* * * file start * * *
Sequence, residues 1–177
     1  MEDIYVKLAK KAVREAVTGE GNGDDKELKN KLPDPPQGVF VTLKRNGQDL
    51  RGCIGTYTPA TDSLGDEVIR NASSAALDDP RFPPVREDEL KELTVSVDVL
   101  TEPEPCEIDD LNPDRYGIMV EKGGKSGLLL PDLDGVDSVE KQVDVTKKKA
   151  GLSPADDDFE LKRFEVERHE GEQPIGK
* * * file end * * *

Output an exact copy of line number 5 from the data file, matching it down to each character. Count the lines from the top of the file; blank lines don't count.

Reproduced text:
   151  GLSPADDDFE LKRFEVERHE GEQPIGK